Second of all, there’s nothing they could possibly do to make you as happy as you want to be.

“We have to remember that it’s our thinking that causes our feelings, not another person’s behavior.”

Always.

Let’s look at this in terms of the model.

CIRCUMSTANCE – Just the boring facts. Things that happen in this world that we can’t control like other people’s behavior or the weather.

  • It is 10 degrees outside
  • My husband doesn’t cook
  • I weigh 300 pounds

Circumstances are just the facts. But circumstances can trigger thoughts.

THOUGHTS –

  • It is so miserably cold outside
  • My husband doesn’t respect my time
  • I am fat and ugly

FEELINGS – One word descriptors.

  • Frustrated
  • Lonely
  • Validated
  • Angry
  • Scared

ACTIONS – All of our feelings will drive certain action, inaction, or reaction.

THOUGHTS –> FEELINGS –> ACTIONS –> RESULTS

Back to The Manual.

“Have a look at the people in your life that you have manuals for. What is it you want them to do differently than what they’re doing, and why do you want them to behave that way.”

How would I like the circumstance to be different?

EXAMPLE: When my friend doesn’t offer to help me, doesn’t call me or text me, or sometimes won’t even reply to my calls and texts, the story I am telling myself is that she thinks her life is more important than mine, her needs greater, her schedule and her time more valuable.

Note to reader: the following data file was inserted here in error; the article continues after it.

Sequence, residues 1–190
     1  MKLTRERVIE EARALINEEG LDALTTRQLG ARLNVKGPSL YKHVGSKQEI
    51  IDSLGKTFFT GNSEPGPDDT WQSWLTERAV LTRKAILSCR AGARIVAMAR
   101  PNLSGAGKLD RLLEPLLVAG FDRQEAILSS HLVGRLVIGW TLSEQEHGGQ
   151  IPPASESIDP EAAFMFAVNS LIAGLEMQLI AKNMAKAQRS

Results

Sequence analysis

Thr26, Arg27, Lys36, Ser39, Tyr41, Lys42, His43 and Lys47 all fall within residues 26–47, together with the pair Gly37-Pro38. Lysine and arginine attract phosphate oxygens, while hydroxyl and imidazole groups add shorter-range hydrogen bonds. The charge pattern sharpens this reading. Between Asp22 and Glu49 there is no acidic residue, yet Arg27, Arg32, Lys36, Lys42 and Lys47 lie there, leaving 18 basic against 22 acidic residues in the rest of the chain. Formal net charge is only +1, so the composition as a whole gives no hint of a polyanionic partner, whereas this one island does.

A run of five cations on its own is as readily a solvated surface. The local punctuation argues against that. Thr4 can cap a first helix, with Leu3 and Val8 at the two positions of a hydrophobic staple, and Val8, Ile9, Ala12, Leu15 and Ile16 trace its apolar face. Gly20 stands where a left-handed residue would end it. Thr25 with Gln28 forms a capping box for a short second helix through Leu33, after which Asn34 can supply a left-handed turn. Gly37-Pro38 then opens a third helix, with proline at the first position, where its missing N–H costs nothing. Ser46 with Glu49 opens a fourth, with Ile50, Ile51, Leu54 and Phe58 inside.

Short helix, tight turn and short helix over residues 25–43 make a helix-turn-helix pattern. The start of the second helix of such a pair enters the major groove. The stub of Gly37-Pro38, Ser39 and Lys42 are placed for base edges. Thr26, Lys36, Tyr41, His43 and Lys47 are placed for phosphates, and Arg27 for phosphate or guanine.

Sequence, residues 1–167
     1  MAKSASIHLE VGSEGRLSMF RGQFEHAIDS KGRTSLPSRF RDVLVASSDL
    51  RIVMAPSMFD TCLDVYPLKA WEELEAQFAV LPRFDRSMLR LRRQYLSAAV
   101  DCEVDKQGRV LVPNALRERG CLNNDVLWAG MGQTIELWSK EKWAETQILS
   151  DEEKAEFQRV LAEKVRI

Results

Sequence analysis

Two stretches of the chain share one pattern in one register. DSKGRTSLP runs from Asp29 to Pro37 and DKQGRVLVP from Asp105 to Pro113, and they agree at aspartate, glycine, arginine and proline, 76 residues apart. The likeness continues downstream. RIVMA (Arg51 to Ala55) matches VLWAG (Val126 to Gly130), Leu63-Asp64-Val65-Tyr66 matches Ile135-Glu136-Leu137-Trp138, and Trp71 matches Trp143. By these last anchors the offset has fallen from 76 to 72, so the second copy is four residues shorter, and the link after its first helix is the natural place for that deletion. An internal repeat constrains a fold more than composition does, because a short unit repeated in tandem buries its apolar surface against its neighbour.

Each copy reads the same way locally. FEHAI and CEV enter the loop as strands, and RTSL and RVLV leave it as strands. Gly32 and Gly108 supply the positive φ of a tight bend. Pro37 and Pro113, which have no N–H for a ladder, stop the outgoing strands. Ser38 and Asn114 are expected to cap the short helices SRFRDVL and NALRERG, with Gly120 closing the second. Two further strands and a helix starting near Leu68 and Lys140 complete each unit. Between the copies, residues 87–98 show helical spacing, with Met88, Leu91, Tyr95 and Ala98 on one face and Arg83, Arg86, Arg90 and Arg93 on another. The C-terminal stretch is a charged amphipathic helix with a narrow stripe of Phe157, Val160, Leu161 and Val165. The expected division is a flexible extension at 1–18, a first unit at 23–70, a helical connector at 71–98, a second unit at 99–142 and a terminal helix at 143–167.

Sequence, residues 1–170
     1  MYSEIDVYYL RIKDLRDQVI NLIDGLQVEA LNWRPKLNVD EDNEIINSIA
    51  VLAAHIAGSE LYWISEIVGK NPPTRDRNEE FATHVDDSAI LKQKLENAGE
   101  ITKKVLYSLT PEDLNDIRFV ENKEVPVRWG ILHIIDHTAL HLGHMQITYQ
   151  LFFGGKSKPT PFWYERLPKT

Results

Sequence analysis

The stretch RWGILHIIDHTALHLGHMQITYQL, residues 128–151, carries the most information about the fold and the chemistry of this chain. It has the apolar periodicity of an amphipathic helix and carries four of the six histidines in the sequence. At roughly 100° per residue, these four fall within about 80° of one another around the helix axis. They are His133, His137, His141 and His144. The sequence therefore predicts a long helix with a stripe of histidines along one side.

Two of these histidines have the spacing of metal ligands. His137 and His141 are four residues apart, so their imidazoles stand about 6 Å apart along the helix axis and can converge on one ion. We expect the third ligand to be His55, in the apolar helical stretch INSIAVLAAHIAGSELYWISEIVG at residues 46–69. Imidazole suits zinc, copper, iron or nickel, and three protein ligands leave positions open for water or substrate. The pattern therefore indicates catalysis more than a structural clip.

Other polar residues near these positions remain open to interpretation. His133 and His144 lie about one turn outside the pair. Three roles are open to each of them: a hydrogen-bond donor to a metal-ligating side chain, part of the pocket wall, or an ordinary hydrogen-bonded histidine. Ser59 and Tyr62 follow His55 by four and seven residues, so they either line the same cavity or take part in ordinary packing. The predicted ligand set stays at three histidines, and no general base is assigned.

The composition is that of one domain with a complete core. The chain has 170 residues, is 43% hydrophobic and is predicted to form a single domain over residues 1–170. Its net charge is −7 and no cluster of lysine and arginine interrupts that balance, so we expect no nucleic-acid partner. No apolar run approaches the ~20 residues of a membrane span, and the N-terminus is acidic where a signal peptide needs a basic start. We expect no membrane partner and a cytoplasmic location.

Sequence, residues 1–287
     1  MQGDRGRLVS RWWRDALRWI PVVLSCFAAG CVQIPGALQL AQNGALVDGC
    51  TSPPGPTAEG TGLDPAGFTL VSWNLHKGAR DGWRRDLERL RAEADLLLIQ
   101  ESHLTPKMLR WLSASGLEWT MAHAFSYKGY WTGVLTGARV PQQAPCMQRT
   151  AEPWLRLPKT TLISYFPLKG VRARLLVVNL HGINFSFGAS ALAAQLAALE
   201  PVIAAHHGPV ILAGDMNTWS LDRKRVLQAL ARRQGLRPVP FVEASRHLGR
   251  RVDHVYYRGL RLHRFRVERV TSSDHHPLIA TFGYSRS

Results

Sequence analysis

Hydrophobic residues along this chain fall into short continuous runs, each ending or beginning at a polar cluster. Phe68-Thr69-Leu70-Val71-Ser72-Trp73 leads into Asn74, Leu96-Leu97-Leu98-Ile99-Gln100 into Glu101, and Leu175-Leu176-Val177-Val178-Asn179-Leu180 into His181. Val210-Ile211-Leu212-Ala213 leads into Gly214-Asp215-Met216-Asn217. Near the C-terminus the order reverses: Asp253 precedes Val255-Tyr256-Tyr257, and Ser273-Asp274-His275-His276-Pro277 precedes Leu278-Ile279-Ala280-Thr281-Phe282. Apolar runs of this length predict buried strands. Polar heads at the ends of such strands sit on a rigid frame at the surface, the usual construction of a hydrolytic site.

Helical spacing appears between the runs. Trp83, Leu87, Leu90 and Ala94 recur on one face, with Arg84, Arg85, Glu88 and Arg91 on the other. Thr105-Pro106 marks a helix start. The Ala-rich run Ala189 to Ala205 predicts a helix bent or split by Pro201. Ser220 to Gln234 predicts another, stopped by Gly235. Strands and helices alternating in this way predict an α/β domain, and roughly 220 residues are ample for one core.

I’ve tied my emotions to whether or not she follows my “Good Friend Manual”. How do I get out of this poisonous and very faulty thought loop?

Let’s do the thought-work. Right here, right now.

What would I like her to do differently?

  • Reach out to me first, at times
  • Recognize my efforts in my life
  • Feel badly when she doesn’t come through for me

What feelings am I looking for?

  • Validation
  • Peace about the past
  • Respect

What thoughts, from my own brain, would lead me to feel those feelings that I am looking for?

Is it possible for me to think these thoughts and feel these feelings WITHOUT her following The Manual? Yes! I get to feel however I want no matter what anyone else does or doesn’t do. In fact, it is the only way I am truly going to feel those desired feelings – if I choose to think and believe those thoughts. It has absolutely nothing to do with her behavior toward me. Her behavior is a circumstance in the model.